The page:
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Gennett, Segura leg issues raise red flags

Gennett, Segura leg issues raise red flags play video for Gennett, Segura leg issues raise red flags

ST. LOUIS -- With two important months remaining in the season, the Brewers have some concerns about the lingering leg issues dogging their young double-play combination.

Both second baseman Scooter Gennett (right quadriceps) and Jean Segura (left quadriceps) were sidelined Sunday against the Cardinals after previous injuries flared up in Saturday's loss at Busch Stadium. Each issue is considered minor, but their nagging nature has manager Ron Roenicke a bit worried.

Gennett tweaked his leg trying to beat out a double-play grounder in the second inning, and he exited the game in the sixth.

"It's to the point where I don't like him out there, knowing that he can't go full-out all the time," Roenicke said. "Like I told him, he can control it a little bit running the bases, but, OK, you've got a ground ball that you have to go in the hole for, you've got a popup behind you that you know is a big play, so what are you going to do? You've got to go. That worries me."

Gennett originally tweaked his quad in the second game after the All-Star break. Segura has been dealing with his similar issue since June 28.

"I'm hoping these two days [the Brewers are off Monday] will help these guys," Roenicke said. "It is the time of the year where you have some things that seem to linger on. I don't think we can afford to lose either one of them for a long period of time, so you try to be careful with them."

He added: "These guys understand where we are in the season and how important the wins are, and they're thinking they can play with the little stuff that they've got going on. That becomes my hardest thing, is when do I need to get them out, and when are we OK?"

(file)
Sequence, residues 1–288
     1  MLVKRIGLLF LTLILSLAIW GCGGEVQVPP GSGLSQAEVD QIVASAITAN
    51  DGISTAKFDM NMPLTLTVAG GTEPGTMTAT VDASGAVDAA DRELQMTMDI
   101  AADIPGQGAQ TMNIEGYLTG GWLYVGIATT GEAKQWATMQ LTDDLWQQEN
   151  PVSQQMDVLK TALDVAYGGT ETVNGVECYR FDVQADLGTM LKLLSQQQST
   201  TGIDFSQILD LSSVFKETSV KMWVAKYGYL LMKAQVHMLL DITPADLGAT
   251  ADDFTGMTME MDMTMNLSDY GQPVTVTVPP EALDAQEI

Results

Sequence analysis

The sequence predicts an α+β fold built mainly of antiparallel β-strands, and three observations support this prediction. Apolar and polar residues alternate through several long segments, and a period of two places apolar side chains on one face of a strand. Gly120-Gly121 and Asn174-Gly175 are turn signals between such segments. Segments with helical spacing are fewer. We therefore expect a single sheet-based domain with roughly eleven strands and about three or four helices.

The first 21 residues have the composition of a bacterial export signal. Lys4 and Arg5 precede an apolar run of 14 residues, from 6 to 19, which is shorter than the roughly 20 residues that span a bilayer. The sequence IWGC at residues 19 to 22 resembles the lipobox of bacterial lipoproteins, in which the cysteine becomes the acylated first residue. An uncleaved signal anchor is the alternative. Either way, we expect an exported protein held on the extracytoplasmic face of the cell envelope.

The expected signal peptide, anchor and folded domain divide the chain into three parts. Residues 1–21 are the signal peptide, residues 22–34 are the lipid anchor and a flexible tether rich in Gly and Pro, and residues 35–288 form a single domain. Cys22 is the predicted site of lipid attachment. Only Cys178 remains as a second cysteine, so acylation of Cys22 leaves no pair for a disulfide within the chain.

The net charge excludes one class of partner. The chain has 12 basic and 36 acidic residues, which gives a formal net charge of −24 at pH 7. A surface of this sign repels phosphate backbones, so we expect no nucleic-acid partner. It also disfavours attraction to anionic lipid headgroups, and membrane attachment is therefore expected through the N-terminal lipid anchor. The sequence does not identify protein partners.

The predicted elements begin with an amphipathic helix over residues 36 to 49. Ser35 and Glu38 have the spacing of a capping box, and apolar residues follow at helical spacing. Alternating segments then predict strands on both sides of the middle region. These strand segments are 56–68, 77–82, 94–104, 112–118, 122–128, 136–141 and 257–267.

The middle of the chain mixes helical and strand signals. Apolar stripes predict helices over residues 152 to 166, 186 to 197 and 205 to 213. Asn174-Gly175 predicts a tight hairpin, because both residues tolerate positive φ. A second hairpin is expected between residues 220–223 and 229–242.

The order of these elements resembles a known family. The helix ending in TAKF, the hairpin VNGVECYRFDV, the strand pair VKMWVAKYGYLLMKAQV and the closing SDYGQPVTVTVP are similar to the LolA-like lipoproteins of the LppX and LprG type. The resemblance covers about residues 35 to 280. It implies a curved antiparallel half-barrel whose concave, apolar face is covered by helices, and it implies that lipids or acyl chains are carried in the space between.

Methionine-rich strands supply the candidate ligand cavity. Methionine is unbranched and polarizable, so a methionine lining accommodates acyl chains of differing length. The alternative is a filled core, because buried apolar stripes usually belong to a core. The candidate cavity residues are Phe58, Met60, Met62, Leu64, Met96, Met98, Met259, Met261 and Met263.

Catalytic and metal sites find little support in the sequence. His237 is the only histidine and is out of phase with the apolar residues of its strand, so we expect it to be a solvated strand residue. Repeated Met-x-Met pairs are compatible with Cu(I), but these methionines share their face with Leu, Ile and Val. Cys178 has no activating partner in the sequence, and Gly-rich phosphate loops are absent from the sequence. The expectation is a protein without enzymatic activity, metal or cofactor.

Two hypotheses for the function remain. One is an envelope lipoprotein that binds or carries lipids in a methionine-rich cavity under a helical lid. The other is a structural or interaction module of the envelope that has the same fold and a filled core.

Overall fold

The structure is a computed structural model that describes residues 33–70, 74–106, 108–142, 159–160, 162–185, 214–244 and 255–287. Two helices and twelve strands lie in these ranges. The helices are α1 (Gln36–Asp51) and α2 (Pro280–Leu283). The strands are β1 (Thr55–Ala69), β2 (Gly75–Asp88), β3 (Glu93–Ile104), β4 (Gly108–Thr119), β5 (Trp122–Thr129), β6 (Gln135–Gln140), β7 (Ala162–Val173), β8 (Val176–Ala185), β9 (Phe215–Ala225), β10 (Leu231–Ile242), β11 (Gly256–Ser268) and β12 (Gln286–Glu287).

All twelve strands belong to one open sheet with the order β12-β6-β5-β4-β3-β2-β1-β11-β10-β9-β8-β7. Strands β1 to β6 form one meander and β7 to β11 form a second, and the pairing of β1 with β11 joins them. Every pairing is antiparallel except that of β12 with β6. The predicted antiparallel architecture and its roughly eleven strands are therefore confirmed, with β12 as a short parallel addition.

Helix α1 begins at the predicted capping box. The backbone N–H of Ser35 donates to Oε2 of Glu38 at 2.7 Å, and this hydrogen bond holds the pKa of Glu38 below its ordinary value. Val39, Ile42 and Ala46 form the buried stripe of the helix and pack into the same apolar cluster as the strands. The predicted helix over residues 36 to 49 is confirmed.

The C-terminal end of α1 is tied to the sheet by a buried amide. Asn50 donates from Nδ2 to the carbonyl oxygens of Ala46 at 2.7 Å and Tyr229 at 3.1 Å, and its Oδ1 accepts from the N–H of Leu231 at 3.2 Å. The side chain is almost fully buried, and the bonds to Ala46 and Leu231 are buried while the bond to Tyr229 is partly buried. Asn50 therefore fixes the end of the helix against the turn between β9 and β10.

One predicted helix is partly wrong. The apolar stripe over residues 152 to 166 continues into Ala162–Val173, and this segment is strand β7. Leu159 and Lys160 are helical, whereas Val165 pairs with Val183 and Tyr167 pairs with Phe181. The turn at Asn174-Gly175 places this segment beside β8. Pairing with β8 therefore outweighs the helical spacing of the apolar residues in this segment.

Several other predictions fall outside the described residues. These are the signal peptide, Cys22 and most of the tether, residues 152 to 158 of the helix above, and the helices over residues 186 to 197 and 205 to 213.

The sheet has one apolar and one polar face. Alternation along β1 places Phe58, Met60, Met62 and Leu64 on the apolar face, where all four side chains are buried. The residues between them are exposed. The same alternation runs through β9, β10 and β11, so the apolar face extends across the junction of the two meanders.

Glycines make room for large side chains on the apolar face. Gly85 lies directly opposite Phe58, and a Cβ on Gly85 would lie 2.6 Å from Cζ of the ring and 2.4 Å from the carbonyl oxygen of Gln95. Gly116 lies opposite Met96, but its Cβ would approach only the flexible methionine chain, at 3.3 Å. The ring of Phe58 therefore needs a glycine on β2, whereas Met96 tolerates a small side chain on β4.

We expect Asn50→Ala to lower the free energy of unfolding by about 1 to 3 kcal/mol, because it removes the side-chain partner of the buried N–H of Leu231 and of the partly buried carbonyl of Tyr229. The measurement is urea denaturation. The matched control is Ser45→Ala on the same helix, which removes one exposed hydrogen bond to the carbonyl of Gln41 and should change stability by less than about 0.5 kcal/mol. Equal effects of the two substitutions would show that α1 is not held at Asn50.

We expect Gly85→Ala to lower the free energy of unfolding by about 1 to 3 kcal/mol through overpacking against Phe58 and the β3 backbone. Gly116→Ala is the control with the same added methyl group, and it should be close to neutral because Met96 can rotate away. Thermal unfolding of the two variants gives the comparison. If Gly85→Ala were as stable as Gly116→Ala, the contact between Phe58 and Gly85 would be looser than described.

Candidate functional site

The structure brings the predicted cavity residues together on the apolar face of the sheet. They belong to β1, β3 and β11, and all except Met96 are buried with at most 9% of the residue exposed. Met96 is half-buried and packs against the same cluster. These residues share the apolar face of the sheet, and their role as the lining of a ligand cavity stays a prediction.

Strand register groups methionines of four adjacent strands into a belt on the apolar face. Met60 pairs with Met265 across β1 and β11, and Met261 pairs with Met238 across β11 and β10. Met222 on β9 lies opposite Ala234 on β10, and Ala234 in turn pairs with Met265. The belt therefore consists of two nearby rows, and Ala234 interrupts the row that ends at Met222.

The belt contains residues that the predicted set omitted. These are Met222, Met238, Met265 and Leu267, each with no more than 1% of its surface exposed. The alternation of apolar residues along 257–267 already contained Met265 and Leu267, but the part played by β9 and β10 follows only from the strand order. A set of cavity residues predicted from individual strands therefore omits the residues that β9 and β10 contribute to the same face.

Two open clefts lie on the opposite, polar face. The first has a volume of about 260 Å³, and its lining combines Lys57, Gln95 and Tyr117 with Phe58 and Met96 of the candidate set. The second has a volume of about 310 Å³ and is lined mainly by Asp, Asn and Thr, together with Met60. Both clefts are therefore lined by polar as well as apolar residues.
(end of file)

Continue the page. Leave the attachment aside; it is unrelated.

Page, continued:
Gennett wondered aloud whether his sore leg would linger for the rest of the season.

"I just need to watch out, how much I'm using it," he said. "I can't go out all-speed every time. That's usually how I play, I'm running out every ground ball no matter what the case is. I think the only time I don't run the ball out is when there's a runner on first and I pop out and there's nowhere for me to go. I just have to watch, have to be smart."

Would it help to take off an extended stretch?

"I did. I took, like, five days off, and it felt good. Then it just got a little tight on me again," Gennett said. "I think it's just one of those things where us as players learn how to play through some things. At the same time, if I get on and I'm the winning run and I'm at second base, I don't want to not be able to score for my team. I think that's where we all have to be smart. I'll have to communicate well with them to let them know how I feel. Right now, it's not the right time to have a serious injury."

Also on Saturday, right-hander Kyle Lohse rolled an ankle retrieving left fielder Gerardo Parra's second-inning throwing error and was sore the following morning, Roenicke said. He was not sure whether it affected Lohse during the rest of his four-plus inning outing.

Adam McCalvy is a reporter for MLB.com. Read his blog, Brew Beat, and follow him on Twitter at @AdamMcCalvy. This story was not subject to the approval of Major League Baseball or its clubs.

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{"content":["injury" ] }
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